- 10% don’t know how they are charged for water
- 18% pay a fixed amount regardless of how much they use and
- 33% say their costs are built into their rent or condo fees.
When it comes to awareness about water issues, our annual RBC Canadian Water Attitudes Study, which we do with Canadian pollster, GlobeScan, shows that it’s often a case of ‘out of sight, out of mind’. In fact, I was describing our poll findings to a friend at RBC who’s a financial planner. She says she sees the very same trend in her line of work, with people who don’t think about saving for retirement until it’s almost too late, and then the panic sets in! I hate to think of what it might take for Canadians to realize we can’t afford to take water for granted.
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Spotlighting innovations in urban sustainability and connected technology
Brownfields are sites that are vacant or underutilized due to environmental contamination, real or imagined. There are brownfields of some kind in virtually every city and town in the U.S., usually related to a gas station, dry cleaner, auto repair shop, car dealership or some other ubiquitous local business that once benefited the community it now burdens with environmental hazards or old buildings.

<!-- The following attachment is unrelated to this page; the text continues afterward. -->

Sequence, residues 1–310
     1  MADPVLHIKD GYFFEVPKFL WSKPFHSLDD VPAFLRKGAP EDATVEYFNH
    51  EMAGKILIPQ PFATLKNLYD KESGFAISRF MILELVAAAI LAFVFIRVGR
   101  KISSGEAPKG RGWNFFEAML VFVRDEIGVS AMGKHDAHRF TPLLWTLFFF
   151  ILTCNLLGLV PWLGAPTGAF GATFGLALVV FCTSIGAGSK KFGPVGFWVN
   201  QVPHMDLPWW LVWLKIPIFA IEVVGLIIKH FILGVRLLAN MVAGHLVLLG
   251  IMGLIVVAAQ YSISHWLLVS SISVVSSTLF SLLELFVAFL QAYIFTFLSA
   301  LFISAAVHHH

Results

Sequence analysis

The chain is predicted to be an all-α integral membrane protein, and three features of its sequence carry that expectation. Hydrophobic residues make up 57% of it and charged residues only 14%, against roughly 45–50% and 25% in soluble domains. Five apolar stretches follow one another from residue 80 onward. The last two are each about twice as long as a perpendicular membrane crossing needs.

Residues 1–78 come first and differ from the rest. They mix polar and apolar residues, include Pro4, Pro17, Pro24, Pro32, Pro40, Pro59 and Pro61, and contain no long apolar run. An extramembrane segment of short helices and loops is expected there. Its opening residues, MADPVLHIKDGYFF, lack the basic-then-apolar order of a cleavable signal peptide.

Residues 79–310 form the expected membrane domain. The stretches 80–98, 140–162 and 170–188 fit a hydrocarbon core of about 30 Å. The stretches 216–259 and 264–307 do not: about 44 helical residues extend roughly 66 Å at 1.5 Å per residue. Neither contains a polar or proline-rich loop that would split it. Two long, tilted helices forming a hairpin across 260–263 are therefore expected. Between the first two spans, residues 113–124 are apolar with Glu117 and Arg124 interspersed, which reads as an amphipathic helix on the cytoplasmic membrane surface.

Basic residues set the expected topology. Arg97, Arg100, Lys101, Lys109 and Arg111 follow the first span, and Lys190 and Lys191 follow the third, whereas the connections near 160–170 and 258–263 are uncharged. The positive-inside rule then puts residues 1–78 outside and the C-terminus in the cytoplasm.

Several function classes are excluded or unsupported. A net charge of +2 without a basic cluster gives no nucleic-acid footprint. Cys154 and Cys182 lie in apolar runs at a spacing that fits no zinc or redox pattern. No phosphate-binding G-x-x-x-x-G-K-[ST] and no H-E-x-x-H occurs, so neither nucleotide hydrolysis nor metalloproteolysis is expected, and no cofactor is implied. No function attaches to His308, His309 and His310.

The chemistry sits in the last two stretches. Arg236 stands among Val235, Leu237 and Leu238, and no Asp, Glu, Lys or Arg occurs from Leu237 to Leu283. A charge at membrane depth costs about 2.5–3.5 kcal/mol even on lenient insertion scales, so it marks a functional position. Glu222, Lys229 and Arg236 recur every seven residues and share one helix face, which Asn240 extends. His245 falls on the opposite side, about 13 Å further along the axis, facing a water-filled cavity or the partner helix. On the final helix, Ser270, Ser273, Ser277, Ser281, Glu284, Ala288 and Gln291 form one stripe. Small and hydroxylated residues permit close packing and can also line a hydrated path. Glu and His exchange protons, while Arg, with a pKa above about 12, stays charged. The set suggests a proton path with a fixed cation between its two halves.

In addressing this issue, technology has not been effectively deployed to promote redevelopment of these sites and catalyze community revitalization. We find that the question around the use of technology and data in advancing the redevelopment of brownfields is twofold:
How can current and future technology advancements be applied to upgrade existing brownfield modeling tools? And then, how can those modeling tools be used to accelerate transformative, sustainable, and smart redevelopment and community revitalization?
Across the country, urban parks are enjoying a renaissance. Dozens of new parks are being built or restored and cities are being creative about how and where they are located. Space under highways, on old rail infrastructure, reclaimed industrial waterfronts or even landfills are all in play as development pressure on urban land grows along with outdoor recreation needs.
These innovative parks are helping cities face common challenges, from demographic shifts, to global competitiveness to changing climate conditions. Mayors and other city officials are taking a fresh look at parks to improve overall community health and sense of place, strengthen local economies by attracting new investments and creating jobs, help manage storm water run-off, improve air quality, and much more. When we think of city parks holistically, accounting for their full role in communities, they become some of the smartest investments we can make.